According to Pinda Cheema, co-owner of Malcolm’s Store, Coventry, the right visual imagery is all about leading the customer on a journey. “We want them to come in for what they need and leave with what they want, and good visuals is a good way of putting that in their mind.” When the store was refitted three years ago Pinda and brother Paul decided to take a look at signage and came up with several concepts based on current trends. “We wanted to do something different. For instance the Big Night In section is like a store within a store. We realised that the Big Night In phenomenon was going to be huge and we needed to push it. We came up with the idea and Costcutter did the sign - it’s giving the customer buying ideas without them really knowing it.”


Going digital


Atul Amin of Kwiksave, West Bromwich, decided to take his signage a step further a year ago when he joined Kwiksave. As part of a visual redesign package, digital screens now stand in the window and Atul is delighted with the effect it has had on the rest of the store.

“Before we had posters up and they blocked off the window but now the windows are clear and you can see right through to the shop from the road. Customers really seem to like it,” he says.

The visuals for the screens are downloaded from Kwiksave and display the current promotions. “With the posters, by the end of the promotion they were torn and tatty, but this is so clean and looks so fresh,” Atul adds.


Taking risks


When it comes to signage, going off-palette can be a gamble, but one that’s worth taking, according to Praff Patel of Costcutter, Moortown, Leeds. Instead of going for the usual black on white, or primary colours often favoured by retail, Praff decided he wanted something a bit different. His store signage is silver on black. “We knew we wanted black but we didn’t want what everyone else had so we eventually decided on silver.” He says the signs are striking and standout in store: “The customers love it, they really map out the store and give something above head height to look at.” He says retailers need to consider their signage as an investment. “You have to spend money to get money and the look of your store is part of that,” he says.

Message is key

According to Tim Ellis, business development manager at design agency Momentum Instore, the right signage is crucial to meeting the needs of your consumer on their journey into and around your store: “Signage helps to entice people into store, with engaging window and exterior signage effectively conveying your brand image and also giving shoppers a hint of what they will find inside.” Once inside he says it’s all about finding the right level of signage and not bombarding the customer with too much information: “Research shows that marketers have just 0.9 seconds to convince shoppers to see their display, so if it doesn’t get the message across clearly and in an engaging manner it won’t work.”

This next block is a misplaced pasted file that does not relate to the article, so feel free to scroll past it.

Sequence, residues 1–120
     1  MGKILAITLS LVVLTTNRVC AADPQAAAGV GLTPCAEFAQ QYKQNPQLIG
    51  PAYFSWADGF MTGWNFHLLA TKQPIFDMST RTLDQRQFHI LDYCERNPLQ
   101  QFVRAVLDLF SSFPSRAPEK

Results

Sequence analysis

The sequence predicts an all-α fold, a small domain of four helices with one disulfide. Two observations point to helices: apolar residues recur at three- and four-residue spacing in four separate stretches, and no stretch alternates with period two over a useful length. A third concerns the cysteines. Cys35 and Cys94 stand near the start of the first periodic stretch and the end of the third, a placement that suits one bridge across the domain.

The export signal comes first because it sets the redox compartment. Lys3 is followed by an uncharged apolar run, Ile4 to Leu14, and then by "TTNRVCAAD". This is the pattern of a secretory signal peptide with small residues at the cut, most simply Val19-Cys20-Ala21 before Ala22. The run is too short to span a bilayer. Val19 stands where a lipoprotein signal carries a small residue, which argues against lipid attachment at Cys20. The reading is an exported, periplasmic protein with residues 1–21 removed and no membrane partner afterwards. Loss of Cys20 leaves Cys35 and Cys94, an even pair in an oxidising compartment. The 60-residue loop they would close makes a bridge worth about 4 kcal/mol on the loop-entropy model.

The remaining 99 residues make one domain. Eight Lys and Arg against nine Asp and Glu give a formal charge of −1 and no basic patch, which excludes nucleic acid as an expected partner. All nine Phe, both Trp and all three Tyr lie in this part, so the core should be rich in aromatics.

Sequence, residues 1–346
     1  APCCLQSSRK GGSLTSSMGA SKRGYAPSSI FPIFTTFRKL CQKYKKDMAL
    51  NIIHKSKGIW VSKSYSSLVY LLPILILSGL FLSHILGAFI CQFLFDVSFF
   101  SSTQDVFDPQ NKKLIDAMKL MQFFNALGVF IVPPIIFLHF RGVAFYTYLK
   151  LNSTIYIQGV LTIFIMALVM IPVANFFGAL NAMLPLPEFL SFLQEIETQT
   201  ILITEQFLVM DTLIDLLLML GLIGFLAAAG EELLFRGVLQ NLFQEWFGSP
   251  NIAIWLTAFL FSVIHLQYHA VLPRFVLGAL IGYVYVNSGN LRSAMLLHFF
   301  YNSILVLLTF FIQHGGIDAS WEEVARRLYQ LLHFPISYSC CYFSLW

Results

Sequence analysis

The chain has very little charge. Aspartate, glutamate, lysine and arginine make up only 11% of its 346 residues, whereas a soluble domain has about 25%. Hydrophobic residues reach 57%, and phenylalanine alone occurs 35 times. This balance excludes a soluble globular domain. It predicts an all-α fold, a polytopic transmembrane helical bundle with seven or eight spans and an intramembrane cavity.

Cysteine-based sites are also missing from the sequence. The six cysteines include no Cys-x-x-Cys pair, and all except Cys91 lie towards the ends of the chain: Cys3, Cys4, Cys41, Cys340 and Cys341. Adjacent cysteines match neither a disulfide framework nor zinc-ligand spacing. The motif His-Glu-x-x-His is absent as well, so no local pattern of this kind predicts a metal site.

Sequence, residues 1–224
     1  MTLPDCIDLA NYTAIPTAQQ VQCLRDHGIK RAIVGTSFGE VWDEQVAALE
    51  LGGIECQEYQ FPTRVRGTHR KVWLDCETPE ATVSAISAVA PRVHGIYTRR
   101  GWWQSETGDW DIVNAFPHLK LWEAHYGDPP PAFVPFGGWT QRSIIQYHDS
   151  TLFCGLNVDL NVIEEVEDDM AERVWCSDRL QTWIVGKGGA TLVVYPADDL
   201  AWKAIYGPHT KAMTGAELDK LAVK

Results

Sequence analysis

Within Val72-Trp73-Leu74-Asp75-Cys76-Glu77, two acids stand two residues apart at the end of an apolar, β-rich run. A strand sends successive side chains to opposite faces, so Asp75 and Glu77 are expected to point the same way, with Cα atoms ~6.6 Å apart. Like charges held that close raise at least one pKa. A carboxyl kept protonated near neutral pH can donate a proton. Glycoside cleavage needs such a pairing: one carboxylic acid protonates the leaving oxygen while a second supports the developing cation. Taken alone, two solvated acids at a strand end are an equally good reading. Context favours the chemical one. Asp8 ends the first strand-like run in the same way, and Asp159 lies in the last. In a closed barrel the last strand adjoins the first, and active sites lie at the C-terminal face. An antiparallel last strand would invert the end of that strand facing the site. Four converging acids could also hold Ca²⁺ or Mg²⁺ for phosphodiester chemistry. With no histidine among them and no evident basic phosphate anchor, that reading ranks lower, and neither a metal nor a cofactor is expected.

Ellis says that c-stores, whether part of a chain or not, need to get their overall branding right and carry it through to their signs, to give customers a sense of security and loyalty. “If signage has a clear association with a brand they trust and are loyal to, it is likely to have a more positive impact. This does not just boil down to branding on the signage, but also clever use of colour and wording,” he says.

Of course retailers can’t be expected to be design experts, but he says that when planning signage, there are some elements everyone should be thinking about: “The content is crucial and retailers need to be confident that whatever wording they choose gets the required message across to the target audience effectively.” Ellis says signage needs to be consistent with all other key messages used by the retailer, so it supports the existing, established brand identity.

Retailers planning signage need to be aware of their demographic and location as both have an impact on what will be well received and what will work: “In a residential area bright signage can be imposing and look out of place, which can put potential shoppers off,” says Ellis. And he has words of caution for retailers looking at digital signage: “All signage needs to fit seamlessly with the store design and layout whilst attracting the right amount of attention, so digital screens should only be used if they are sympathetic to the brand positioning.”

Finally, he says retailers should consider getting in outside help such as agencies who specialise in retail signage.